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Leafy Vegetables



Leafy Vegetables are vegetables whose leaves we eat.

This is a smaller category than vegetables with leaves, because pretty much everything we call a vegetable (with the obvious exception of mushrooms) has leaves at some point even if they're trimmed off before we see them.

We don't eat the leaves off of sweet corn, or potatoes, but we do of spinach. That makes spinach a Leafy Vegetable.

Other examples of Leafy Vegetables are Bok Choy, Cabbage, Chicory, Cress, Endive, Escarole, Lettuce and Mache.

Some people class celery as a Leafy Vegetable, but you could argue that even though the leaves are good and should be used in cooking, most of the leaves are trimmed off at the store because the primary purpose in buying celery is to eat the stalk.

Leafy Vegetables are often just called "greens", though some people reserve the word "greens" for Leafy Vegetables that get cooked, as opposed to eaten raw. Leafy Vegetables that get cooked are often called "Pot Herbs." The word "greens" though is broader than "leafy vegetables", as it includes the leafy tops of dual-use vegetables such as beets normally classed as root vegetables as they are primarily grown for their root.

Dark Green Leafy Vegetables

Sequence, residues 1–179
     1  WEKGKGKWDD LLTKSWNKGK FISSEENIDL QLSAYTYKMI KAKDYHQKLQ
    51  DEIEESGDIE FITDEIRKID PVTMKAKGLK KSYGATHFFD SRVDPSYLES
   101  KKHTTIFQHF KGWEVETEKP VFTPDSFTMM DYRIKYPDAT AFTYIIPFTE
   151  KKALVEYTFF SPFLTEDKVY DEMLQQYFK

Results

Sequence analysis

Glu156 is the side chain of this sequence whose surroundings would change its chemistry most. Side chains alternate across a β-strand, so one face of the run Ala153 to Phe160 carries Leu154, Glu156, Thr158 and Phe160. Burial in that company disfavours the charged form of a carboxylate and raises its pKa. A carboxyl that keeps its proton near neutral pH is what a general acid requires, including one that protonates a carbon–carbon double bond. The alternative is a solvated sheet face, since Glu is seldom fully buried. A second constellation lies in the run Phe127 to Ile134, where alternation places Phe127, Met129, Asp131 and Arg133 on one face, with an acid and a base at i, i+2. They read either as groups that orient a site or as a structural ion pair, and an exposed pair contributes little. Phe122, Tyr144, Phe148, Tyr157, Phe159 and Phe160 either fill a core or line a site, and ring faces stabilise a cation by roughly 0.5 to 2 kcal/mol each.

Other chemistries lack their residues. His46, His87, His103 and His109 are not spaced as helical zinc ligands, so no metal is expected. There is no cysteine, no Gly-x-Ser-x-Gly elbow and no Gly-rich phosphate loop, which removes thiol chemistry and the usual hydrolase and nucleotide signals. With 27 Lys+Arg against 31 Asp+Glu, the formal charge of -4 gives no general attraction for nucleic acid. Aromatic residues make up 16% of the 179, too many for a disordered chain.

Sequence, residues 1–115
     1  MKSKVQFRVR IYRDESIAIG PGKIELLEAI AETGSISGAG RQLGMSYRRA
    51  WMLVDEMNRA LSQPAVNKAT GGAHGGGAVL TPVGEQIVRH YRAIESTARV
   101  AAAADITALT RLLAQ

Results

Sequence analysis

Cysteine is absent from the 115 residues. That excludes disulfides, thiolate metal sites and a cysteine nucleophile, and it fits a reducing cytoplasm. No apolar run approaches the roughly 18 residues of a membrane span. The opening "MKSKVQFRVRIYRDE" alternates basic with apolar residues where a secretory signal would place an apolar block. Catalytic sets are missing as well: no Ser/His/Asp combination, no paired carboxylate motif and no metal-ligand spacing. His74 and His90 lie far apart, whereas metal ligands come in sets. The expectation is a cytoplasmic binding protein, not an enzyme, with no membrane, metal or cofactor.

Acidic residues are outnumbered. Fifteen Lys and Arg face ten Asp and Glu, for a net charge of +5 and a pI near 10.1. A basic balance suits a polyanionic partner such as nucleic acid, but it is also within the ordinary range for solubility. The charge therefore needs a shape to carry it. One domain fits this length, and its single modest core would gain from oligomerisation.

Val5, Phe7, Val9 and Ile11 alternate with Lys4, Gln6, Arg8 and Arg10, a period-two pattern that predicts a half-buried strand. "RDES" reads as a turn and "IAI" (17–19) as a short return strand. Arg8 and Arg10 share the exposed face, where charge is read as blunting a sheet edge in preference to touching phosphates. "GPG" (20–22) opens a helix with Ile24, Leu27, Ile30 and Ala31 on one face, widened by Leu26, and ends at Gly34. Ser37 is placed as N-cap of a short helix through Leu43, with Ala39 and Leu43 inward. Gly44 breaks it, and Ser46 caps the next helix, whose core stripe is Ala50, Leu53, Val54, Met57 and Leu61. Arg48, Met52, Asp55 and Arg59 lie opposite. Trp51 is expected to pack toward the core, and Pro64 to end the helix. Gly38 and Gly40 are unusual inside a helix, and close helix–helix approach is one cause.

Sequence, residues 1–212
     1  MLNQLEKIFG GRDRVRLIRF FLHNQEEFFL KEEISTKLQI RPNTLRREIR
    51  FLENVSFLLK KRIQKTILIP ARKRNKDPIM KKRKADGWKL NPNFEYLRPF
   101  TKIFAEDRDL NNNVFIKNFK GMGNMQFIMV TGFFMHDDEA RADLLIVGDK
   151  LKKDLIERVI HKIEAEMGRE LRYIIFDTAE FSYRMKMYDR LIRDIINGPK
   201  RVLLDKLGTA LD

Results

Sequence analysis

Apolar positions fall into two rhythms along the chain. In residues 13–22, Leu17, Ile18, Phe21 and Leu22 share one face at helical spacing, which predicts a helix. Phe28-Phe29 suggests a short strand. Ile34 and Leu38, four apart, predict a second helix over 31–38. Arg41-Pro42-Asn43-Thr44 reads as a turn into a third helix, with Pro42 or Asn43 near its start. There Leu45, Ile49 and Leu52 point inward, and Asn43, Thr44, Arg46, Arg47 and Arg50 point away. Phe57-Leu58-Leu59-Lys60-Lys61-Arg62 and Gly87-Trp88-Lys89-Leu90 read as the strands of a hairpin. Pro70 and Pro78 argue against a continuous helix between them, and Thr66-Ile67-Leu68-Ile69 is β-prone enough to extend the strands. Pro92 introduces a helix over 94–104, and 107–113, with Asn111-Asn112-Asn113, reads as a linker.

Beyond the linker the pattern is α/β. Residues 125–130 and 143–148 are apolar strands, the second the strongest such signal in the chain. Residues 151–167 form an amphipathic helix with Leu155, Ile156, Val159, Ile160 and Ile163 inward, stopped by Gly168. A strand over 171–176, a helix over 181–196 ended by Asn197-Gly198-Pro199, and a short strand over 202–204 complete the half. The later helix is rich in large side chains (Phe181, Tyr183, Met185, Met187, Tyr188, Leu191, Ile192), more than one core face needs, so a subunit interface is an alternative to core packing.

Dark Green Leafy Vegetables

Dark Green Leafy Vegetables
© Denzil Green


Leafy Vegetables are always green (except for those that have been blanched, such as Belgian Endive), but some are distinguished further by being called "Dark Green Leafy Vegetables."

The darker the leaf, the more Vitamin A, Vitamin C, and calcium the leaves will have.

As well, the darker the leaf, the more "vigorous" the taste, which is why it's more of a battle to get people to eat them.

Arugula, Chicory, Collard Greens, Dandelions, Kale, Mustard Greens, Spinach and Swiss Chard are Dark Green Leafy Vegetables.


See also:

Leafy Vegetables

Agave; Artichokes; Belgian Endive; Branch Lettuce; Cabbage; Dandelion; Dark Green Leafy Vegetables; Endive; Enset; Frisée; Horseradish Tree; Lamb's Quarters; Leafy Vegetables; Lettuce; Lotus; Mesclun Mix; Mizuna; Pak Wan; Potherbs; Pumpkin Leaves

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Also called:

Grüngemüse (German)

Citation

Oulton, Randal. "Leafy Vegetables." CooksInfo.com. Published 15 January 2004; revised 06 December 2005. Web. Accessed 12/17/2017. <http://www.cooksinfo.com/leafy-vegetables>.

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